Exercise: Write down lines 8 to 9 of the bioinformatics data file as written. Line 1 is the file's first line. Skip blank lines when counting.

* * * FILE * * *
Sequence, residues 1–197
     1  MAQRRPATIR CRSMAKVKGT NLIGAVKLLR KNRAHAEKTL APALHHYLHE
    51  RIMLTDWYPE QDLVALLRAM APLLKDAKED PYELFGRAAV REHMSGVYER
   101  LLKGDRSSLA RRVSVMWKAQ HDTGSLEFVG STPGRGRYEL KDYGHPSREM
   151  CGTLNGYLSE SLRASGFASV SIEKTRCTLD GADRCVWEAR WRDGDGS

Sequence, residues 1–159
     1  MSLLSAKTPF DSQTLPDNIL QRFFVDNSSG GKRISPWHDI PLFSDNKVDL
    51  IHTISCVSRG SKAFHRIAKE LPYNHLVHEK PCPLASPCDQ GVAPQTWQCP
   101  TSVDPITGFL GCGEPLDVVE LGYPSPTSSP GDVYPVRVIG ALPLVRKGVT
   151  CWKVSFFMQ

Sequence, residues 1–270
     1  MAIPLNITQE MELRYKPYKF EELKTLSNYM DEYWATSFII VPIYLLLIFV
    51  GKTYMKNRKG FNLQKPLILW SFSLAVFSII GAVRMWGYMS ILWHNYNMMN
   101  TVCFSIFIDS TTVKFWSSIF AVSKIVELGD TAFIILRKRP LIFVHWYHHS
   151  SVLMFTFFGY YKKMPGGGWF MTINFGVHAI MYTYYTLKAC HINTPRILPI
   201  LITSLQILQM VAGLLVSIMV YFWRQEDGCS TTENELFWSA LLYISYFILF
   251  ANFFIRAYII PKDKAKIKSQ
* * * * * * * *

    51  IHTISCVSRG SKAFHRIAKE LPYNHLVHEK PCPLASPCDQ GVAPQTWQCP
   101  TSVDPITGFL GCGEPLDVVE LGYPSPTSSP GDVYPVRVIG ALPLVRKGVT